sandik - can you be more specific about skills and composition techniques that can be taught?
The Millepied Era at the Paris Opera Ballet
Posted 03 November 2014 - 05:06 PM
There are tools that you can use to help generate movement (to make up sequences) and then there are other tools you can use to develop that material, to create shorter phrases and longer sections with stylistic consistency or structural integrity. In the same way that a composer can learn craft, a choreographer can learn similar skills. I see a lot of work from young choreographers, of all styles. Many of them are still struggling with making a dance, rather than making strings of movement.
Posted 03 November 2014 - 05:12 PM
There are skills that can be taught and composition techniques that can be learned, but those don't always get communicated in the rush to get a piece onstage.
Yes, I would hope there would be more to it than giving nascent choreographers a copy of The Art of Making Dances and telling them to get on with it!
A lot of dancers are choreagraphing for side shows but I don't think all dancers are able to do that (it needs some talent, no?) and are interesting to do it (that's not their job anyway)...
The upside (or perhaps downside) of teaching basic choreographic techniques is that even people without much choreographic talent can learn to put together a respectable piece. I can think of a few choreographers in this category. They're a little like composers who understand harmony, counterpoint and orchestration, but who can't write a tune. There also aren't that many 18-year-olds studying dance in college or university who are very interested in choreography at that stage of their lives, while they're still focused on preparing for a performing career. But since choreographers come from the ranks of dancers, theoretically some of the techniques they learned and the practical experience they gained in composition courses could become useful later on, if they should develop an interest in choreography.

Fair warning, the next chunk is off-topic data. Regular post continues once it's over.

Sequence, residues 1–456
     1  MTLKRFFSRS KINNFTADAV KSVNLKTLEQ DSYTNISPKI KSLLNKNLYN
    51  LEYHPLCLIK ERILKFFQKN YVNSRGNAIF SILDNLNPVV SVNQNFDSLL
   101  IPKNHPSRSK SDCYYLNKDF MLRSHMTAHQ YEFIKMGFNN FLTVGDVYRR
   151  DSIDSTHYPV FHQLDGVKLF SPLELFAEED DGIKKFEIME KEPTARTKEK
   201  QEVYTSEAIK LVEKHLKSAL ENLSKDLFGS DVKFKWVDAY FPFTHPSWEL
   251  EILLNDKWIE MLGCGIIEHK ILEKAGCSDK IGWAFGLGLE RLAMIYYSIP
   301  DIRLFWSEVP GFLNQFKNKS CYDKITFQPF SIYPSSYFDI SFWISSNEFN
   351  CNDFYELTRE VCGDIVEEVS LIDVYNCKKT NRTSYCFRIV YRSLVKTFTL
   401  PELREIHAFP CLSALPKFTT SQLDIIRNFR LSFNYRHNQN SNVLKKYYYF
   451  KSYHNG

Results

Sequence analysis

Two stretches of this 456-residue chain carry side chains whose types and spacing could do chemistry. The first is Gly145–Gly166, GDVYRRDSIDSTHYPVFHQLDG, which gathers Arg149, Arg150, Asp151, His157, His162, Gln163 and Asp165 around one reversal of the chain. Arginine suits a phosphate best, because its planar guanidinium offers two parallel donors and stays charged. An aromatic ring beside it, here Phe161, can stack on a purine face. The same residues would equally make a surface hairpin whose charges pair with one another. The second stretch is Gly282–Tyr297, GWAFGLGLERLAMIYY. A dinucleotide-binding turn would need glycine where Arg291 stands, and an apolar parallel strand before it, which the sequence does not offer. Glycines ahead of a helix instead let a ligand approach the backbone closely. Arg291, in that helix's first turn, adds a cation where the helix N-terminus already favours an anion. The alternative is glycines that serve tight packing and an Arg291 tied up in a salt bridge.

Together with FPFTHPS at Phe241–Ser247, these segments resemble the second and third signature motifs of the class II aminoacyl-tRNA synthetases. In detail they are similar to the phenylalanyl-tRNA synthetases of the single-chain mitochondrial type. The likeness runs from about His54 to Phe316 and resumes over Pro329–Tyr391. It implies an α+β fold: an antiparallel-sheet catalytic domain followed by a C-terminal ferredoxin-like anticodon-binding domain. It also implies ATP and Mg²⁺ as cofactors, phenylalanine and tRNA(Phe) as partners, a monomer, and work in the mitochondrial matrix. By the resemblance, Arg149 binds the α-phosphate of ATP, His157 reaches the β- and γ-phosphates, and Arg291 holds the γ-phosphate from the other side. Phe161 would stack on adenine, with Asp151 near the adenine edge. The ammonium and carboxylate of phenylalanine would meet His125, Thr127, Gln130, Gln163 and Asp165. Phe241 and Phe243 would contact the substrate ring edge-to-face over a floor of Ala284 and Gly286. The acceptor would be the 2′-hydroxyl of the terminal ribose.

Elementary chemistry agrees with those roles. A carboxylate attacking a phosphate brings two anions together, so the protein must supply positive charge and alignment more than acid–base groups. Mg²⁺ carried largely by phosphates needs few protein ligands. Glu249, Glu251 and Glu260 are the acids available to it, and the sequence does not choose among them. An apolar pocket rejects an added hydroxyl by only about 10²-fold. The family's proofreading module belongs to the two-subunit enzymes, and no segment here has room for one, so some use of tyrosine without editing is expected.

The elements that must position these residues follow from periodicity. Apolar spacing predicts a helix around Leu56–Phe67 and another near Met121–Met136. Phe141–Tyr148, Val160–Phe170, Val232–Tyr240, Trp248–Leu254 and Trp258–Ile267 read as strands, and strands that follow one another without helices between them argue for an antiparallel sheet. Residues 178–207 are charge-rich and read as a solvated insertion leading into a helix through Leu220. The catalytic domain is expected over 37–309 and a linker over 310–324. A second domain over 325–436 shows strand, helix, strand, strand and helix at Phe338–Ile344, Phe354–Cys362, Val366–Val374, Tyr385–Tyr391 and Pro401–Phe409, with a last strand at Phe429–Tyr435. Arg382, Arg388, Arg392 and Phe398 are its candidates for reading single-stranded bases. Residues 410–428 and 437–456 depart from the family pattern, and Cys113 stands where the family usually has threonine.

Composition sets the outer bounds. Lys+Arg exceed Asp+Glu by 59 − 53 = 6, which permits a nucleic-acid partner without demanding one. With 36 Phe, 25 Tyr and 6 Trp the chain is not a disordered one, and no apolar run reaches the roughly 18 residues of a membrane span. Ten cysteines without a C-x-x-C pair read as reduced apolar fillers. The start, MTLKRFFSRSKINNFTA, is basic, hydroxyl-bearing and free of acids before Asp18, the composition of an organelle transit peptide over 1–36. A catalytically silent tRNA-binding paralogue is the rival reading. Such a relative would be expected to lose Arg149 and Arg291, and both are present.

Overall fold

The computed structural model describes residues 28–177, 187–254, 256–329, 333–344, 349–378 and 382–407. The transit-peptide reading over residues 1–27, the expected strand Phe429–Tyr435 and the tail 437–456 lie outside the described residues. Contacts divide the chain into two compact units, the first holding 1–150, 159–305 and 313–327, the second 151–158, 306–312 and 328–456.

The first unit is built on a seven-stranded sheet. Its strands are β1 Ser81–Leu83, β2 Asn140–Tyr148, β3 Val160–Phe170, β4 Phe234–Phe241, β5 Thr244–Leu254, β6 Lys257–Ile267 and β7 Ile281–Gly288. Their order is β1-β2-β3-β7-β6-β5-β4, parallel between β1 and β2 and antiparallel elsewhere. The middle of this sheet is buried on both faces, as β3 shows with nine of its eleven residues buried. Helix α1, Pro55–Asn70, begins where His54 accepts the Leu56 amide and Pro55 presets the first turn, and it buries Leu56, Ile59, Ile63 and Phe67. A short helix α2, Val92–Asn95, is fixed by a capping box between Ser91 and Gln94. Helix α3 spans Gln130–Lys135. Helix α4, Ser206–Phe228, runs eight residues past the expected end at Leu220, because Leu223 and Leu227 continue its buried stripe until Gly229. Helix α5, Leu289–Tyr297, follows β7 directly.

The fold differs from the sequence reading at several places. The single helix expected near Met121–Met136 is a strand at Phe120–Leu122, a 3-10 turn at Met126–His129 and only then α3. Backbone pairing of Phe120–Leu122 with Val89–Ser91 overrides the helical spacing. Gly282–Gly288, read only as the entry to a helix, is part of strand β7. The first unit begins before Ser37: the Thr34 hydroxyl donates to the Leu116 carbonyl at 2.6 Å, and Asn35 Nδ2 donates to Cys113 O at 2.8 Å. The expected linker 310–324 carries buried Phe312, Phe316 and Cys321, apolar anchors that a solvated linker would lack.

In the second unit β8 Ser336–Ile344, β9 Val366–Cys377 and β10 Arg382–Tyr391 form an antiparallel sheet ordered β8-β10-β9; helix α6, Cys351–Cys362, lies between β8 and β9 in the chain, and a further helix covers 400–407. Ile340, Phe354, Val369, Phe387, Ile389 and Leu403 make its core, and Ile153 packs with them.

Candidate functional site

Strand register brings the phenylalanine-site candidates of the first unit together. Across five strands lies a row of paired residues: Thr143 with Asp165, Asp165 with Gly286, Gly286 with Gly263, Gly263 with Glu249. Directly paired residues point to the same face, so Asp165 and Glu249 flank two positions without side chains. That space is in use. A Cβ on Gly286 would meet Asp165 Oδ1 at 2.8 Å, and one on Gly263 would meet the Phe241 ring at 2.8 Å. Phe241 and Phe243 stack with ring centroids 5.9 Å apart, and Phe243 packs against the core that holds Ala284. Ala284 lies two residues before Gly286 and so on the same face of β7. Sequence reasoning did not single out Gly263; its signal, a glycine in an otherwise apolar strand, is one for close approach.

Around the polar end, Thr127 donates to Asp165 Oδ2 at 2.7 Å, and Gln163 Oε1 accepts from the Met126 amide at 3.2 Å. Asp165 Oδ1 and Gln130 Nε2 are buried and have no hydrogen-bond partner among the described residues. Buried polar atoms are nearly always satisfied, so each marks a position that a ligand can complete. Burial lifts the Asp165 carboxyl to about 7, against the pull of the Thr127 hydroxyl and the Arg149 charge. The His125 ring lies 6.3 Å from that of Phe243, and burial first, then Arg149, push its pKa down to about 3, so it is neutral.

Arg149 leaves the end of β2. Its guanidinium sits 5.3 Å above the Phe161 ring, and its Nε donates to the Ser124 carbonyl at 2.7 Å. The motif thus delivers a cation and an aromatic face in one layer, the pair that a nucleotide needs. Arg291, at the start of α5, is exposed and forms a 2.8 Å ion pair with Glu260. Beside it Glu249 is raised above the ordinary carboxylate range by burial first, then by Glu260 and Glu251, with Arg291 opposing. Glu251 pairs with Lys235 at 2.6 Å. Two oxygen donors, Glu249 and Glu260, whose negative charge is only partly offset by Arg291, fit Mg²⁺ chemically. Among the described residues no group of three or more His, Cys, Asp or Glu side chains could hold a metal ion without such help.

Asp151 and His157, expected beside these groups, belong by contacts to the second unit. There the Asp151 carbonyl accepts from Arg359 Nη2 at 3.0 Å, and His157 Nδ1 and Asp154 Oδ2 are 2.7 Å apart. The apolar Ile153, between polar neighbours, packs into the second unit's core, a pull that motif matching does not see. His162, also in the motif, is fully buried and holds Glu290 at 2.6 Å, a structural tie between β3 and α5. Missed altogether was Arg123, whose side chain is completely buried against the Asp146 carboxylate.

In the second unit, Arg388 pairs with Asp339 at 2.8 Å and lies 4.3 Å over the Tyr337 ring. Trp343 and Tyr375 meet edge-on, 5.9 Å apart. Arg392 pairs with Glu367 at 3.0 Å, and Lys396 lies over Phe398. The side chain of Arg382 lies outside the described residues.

Posted 04 November 2014 - 04:40 PM
Since you mentioned the Art of Making Dances, volcanohunter, I would love to see more choreographers of Doris Humphrey's caliber acting as in-house editors for young choreographers, much as Humphrey did for Jose Limon and many others in the early decades of the modern dance. Their first words of advice to young choreographers could be to repeat Humphrey's famous maxim: "All dances are too long."
Posted 04 November 2014 - 11:27 PM
Posted 05 November 2014 - 05:48 AM
Google Translate isn't great so for the French speakers amongst, does it says Villin has left the company? "Drove to" specifically. This is one of the most well-connected members of the Paris elite, by the way...
Posted 05 November 2014 - 08:09 AM
I'm not sure to understand what is the purpose of this article, nor what Philippe Villin aimed at... He's not the head of AROP but was (it seems from the paper he's not anymore) an important patron. Arop (friends of Paris opera ballet) gathers a lot of money for the Paris opera and some members are very involved in the life of the institution, sometimes there is thin line between what you can do as a patron and what you can't. From what I read, they can't choose the artistic director of the ballet company but it looks like he thought he could...
Posted 05 November 2014 - 08:49 AM
Posted 05 November 2014 - 09:56 AM
Jean-Louis Beffa is president and Jean-Yves Kaced is deputy.
Posted 05 November 2014 - 11:02 AM
Posted 06 November 2014 - 11:45 AM
I also fail to see the point of this "article", just an opportunity to talk about himself and take gratuitous shots at people.
Posted 06 November 2014 - 12:57 PM
It's an economic journal. Perhaps there is no point, just because he's again under the spotlights. He hired one of Nicolas Le Riche shows at the Théâtre des Champs Elysées for a private party
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